I am very pleased that we have signed a letter of intent with our partners to establish the Joint Expeditionary Force.

This will be developed around the UK’s existing high readiness units and will provide a capability that can respond anywhere in the world, in any environment, as part of a coalition, or on behalf of international organisations such as the UN and NATO.

We are stronger together. Our partners from Denmark, Estonia, Latvia, Lithuania, the Netherlands and Norway have all agreed to attach forces to the JEF when the time is right for us to stand together.

British and Estonian soldiers
A British soldier liaises with an Estonian anti-tank section commander during a NATO training exercise [Picture: Specialist Joshua Leonard]

The signing ceremony took place with all 28 defence ministers in Cardiff aboard HMS Duncan on 4 September at the NATO Summit. During the signing, discussions took place on how the agreement will allow the UK and JEF partners to continue with the excellent operational co-operation that has been achieved to date in places like Afghanistan.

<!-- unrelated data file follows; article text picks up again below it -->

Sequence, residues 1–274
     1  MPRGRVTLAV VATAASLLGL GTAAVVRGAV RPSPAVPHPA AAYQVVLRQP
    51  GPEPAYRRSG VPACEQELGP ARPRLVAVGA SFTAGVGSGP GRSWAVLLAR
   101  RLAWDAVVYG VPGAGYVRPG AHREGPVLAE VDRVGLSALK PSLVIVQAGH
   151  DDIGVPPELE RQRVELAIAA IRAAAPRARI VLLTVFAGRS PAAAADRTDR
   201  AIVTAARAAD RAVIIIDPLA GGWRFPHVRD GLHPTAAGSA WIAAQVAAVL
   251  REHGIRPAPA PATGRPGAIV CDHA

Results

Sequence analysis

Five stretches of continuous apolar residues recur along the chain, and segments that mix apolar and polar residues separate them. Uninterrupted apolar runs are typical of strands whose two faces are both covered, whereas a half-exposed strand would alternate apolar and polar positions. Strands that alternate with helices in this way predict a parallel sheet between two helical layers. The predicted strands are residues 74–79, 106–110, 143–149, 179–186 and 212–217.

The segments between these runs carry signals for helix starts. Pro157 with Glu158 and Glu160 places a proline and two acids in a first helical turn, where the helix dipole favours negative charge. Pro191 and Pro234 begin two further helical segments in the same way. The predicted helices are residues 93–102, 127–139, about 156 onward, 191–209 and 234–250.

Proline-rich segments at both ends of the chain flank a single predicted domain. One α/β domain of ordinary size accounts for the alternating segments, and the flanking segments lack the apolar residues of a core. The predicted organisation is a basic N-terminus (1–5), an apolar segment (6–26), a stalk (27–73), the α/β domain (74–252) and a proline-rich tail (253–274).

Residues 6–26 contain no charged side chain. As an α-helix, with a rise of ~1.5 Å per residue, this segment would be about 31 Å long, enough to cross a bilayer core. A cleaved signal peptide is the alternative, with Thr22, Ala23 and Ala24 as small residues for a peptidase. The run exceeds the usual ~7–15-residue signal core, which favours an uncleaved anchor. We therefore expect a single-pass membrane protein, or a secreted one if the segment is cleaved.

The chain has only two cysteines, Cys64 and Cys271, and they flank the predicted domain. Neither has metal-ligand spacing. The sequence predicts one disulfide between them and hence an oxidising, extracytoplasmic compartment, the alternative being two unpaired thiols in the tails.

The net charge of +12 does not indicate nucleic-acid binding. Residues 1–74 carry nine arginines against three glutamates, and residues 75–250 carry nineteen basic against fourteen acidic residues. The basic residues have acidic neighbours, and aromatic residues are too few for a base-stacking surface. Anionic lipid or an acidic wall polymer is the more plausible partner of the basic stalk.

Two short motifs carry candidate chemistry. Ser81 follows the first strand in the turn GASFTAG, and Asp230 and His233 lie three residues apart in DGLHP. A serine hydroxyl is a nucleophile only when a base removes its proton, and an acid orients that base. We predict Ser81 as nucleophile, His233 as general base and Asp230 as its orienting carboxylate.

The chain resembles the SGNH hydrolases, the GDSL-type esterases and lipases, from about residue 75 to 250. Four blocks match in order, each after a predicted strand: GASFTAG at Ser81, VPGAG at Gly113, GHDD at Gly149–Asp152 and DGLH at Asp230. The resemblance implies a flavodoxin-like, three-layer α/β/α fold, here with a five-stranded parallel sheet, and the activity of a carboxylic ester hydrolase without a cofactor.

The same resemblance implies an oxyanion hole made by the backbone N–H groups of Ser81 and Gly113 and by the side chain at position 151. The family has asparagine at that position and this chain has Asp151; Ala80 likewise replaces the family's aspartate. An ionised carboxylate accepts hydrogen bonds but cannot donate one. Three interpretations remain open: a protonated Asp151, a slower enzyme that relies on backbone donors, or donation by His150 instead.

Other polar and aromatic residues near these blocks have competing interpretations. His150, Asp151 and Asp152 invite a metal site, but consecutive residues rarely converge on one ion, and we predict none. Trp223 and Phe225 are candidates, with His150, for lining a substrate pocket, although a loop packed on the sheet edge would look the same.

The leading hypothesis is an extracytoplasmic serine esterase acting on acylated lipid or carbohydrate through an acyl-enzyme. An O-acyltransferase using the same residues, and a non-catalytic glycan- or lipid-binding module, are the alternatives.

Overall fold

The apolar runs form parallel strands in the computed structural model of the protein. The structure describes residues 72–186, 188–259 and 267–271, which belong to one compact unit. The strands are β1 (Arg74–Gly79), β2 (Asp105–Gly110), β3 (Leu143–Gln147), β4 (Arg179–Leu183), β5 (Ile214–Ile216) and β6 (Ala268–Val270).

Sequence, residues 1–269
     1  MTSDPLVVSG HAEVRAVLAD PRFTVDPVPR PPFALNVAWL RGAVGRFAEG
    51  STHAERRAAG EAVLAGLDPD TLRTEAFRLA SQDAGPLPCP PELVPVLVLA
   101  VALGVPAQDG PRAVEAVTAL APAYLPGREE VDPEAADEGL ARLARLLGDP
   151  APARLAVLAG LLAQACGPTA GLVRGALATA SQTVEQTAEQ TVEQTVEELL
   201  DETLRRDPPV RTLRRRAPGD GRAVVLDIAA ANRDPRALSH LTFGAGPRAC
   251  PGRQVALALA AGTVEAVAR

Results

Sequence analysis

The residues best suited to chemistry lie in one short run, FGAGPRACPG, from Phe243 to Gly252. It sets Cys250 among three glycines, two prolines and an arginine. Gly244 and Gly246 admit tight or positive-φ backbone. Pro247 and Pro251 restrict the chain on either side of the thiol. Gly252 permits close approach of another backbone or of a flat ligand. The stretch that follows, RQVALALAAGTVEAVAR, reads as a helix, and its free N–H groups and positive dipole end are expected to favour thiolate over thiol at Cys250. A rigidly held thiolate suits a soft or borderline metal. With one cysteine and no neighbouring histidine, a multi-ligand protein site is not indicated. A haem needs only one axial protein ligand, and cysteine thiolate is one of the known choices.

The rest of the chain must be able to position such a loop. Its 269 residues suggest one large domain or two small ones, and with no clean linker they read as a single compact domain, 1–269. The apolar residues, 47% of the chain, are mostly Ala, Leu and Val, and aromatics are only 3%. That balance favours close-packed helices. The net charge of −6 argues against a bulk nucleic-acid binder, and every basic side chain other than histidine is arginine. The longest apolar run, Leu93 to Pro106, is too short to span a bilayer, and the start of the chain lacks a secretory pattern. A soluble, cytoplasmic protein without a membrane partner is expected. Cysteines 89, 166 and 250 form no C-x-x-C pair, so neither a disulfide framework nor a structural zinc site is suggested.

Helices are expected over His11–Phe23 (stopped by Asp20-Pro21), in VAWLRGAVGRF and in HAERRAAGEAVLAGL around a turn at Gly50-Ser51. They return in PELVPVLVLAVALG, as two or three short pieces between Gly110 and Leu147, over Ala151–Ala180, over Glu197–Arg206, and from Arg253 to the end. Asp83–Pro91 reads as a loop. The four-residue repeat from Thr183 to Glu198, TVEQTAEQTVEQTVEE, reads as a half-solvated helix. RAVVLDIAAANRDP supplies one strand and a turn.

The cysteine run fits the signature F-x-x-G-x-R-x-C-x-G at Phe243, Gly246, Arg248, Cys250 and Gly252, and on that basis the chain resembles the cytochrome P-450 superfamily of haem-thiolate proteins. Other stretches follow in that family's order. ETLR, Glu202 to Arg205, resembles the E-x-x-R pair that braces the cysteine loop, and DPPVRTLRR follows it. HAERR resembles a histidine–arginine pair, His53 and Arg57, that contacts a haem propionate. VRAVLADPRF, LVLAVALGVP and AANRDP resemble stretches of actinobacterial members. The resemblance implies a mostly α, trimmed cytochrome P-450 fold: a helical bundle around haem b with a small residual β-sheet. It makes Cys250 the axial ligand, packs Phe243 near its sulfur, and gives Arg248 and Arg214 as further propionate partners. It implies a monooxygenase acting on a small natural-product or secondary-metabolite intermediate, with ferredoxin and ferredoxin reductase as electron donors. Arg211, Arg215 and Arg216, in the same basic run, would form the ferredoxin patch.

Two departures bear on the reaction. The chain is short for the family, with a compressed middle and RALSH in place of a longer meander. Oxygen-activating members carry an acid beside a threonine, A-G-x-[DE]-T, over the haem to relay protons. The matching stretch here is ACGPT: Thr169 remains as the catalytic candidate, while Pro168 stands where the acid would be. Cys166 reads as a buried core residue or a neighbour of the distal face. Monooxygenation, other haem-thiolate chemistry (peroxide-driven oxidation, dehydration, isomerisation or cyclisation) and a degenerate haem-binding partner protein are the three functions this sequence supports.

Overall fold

The force will provide the UK’s focus for developing flexible, rapid response forces for NATO, or other coalition operations, to meet together the challenges of an unpredictable world. Through the UK-led JEF, a model for others to follow as well as a focus for fairer defence burden-sharing is being provided.

For the latest updates visit the NATO Summit Wales 2014 page on GOV.UK and @NATOWales on Twitter.

The aim is to create a UK military framework, focused around its existing high readiness capabilities, that its partners can join up with. While it is the UK’s intention to fully integrate the UK’s JEF partners’ contributions before 2018, the JEF could deploy immediately if required.